The Chinese have believed for thousands of years that if a man dies without being married, it is bad luck. It is believed that he will haunt his living relatives.
So relatives participate in what is known as a “ghost marriage.” This is where the bride is found and wed to him post mortem. It is however, now outlawed, but there is still a booming trade for female corpses on the black market.
This is a video about grave robbers stealing women’s corpses:
It’s a sad fact that many people around the world die alone. It’s not only sad in China, but is also unlucky. It is believed that an unmarried man will be unsatisfied, and will haunt living relatives by causing havoc and mischief.
To save this from happening, relatives would find a bride for their dead relative. It’s not just any bride, it needs to be a dead bride so he can have company in the afterlife.
Ghost marriages are traditionally the same as if they were alive.
Often, the groom’s family gives cash as gifts to the bride’s relatives. The bride would then be exhumed from her resting place and reburied next to her new husband, a man in most cases she never knew.
Ghost marriages were made illegal in 1949. In most areas of China, it is seen as a primitive and an outdated superstition. However, the superstition and stigma has persisted with some. Chinese abide by the law and use an alternative method.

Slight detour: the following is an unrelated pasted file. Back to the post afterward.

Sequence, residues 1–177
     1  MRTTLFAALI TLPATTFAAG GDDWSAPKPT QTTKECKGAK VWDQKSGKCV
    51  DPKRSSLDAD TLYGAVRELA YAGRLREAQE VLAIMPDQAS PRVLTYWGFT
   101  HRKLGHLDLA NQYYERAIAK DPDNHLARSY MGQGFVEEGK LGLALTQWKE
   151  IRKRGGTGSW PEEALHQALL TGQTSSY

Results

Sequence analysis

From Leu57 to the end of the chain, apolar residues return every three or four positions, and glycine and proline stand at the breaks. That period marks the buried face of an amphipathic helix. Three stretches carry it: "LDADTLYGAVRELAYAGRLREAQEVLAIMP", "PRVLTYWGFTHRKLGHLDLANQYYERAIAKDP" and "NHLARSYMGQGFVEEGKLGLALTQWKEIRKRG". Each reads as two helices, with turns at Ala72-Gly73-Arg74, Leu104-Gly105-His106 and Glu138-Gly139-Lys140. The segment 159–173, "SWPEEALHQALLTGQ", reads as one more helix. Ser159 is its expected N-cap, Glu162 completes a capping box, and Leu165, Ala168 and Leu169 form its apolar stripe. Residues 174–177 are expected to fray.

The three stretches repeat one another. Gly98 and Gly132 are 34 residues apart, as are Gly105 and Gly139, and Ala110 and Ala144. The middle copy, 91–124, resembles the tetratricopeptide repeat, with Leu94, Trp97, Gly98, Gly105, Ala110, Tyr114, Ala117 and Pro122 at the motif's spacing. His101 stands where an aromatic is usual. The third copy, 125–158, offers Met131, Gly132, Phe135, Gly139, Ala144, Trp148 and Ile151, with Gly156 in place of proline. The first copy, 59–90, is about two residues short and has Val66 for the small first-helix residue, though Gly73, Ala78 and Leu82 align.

This consists of what is called a “flour bride.” Wheat flour is molded into the shape of a woman by making it into a paste. Usually, traditional wedding makeup is still applied.
But not everyone abides by the law. With the economy picking up in China, more people are able to afford ghost marriages. But now, grave robbers are digging up female corpses and selling them for up to $6,000 each.
Video about 2013 grave robbing:
In 2013, four Chinese men were sent to prison for at least two years for digging up 10 female corpses. They had cleaned them and counterfeited their medical records so they could get better prices. They received up to $40,000 for the bodies, The Guardian said on their website.
The ring leader, identified as Wang, said: “Years-old carcasses are not worth a damn, while the ones that have just died, like this one, are valuable.” He was referring a body of a woman he and his associates dug up three months after she was buried, The Inquisitr reported.
The Economist wrote: “The practice is most common in the northern provinces of Shanxi, Hebei, and Shandong. This is China’s coal-mining heartland. In mountainous Shanxi, pit accidents kill many men too young to marry.”
All around the world there are strange superstitions and customs, and this one is right up there. If you didn’t know about this superstition, then maybe your friends don’t, so share it with them and see what they think.